"However we cannot work in silo and these are our strong relationships with our Wessex Criminal Justice partners and our Scrutiny and Involvement panel members that will result in continuous improvement of the way we deliver our work."

What our panel members say about our work:

Professor Chris Lewis, from Portsmouth University, independent facilitator of CPS Wessex Scrutiny and Involvement Panel- Hampshire and Isle of Wight said:

"2011-12 was a very successful year in prosecuting Hate Crime in Hampshire and the Isle Of Wight with 87.5% of CPS prosecutions resulting in convictions. It was also a successful year for our panel of community volunteers which looked at around 20 homophobic, racist & religious or disability aggravated cases, recommended improvements to CPS procedures and highlighted good practice.

However, the cases that come to the justice system are just the tip of the iceberg. Many more go unreported, thus denying justice to the victims. I do not believe that there were only 13 crimes committed against disabled people in Hampshire and the IOW last year, or 73 committed against old people. I urge all those who are victims of Hate Crime to report this to the Police, to give evidence against their offenders in court and to discuss the success of local Hate Crime prosecutions within their communities."

Dr Jacki Tapley, Associate Head, Institute of Criminal Justice Studies Portsmouth University and independent facilitator of CPS Wessex Scrutiny and Involvement Panel- Dorset said:

"The continuing improvement in the proportion of successful convictions across the range of Hate Crimes illustrates the benefits of scrutiny case work and demonstrates the willingness of the CPS to respond to the feedback provided by our panel members, drawing upon their valuable knowledge and expertise. Areas of good practice have been identified and advice responded to in areas requiring further improvements, but further work needs to be done to ensure that all those affected by such crimes have the confidence to engage with the criminal justice process, safe in the knowledge that hate crimes will no longer be tolerated."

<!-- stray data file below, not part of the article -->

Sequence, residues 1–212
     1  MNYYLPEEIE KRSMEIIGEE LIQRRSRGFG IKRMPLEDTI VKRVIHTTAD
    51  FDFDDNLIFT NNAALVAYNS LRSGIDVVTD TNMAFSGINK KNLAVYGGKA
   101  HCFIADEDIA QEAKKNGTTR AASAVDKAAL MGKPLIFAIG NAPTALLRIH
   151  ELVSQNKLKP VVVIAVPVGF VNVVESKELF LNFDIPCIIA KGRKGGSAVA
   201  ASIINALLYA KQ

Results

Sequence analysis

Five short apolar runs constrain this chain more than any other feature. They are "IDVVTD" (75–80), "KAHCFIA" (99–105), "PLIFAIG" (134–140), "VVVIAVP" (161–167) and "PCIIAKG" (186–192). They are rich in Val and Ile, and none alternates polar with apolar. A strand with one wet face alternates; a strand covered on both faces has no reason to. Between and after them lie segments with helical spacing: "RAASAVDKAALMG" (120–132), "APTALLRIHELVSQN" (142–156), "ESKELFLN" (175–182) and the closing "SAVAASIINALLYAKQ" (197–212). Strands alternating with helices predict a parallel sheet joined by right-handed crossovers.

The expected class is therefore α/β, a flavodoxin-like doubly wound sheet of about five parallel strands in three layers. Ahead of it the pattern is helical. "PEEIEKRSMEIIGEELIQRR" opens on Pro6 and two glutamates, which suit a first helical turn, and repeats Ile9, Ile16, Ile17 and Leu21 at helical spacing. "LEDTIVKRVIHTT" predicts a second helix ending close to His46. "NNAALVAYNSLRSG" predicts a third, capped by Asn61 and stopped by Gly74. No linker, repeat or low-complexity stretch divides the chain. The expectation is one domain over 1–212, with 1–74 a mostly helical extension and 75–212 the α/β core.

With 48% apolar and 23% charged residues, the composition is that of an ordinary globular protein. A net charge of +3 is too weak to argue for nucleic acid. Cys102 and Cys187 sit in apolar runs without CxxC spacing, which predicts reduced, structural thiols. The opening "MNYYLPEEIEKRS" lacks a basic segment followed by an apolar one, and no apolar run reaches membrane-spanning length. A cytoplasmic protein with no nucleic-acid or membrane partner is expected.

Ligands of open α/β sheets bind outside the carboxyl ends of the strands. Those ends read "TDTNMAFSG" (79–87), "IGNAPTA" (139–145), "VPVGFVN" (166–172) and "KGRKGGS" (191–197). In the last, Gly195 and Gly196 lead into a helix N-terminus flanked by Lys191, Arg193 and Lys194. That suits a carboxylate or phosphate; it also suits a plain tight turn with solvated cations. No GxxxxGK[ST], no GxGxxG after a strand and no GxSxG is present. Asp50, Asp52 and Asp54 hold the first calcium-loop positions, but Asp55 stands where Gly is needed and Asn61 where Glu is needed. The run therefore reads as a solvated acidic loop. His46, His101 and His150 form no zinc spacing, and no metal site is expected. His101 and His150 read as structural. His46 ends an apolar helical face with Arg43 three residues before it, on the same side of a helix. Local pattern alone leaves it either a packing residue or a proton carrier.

Victim Support (Wiltshire) volunteer, Francis Wakem, independent facilitator for CPS Wessex Scrutiny and Involvement Panel in Wiltshire said:

"A crime motivated by hostility or prejudice based upon the victim's disability; race; religion or belief; gender identity; or sexual orientation is an abhorrent crime.  It is unacceptable behaviour which should not be tolerated.  It ruins lives; affects Society; and has a lasting impact.

The Wiltshire Panel has enabled feedback to the CPS to assist in raising performance in the handling of these unacceptable crimes. In addition, the panel has helped to raise community understanding of how CPS decisions are made and in providing an element of community focused views in terms of public confidence not only of the CPS but also the wider criminal justice system.

The Wiltshire Wessex Scrutiny and Involvement Panel is a brave initiative - really radical and visionary being the mark of a confident organisation with the Crown Prosecution Service making itself publicly accountable through a forum which facilitates a dialogue of consultation with members of local communities through community groups in order to make a real difference to the lives of victims; of witnesses and indeed of all those touched by the anxiety and distress of the victim".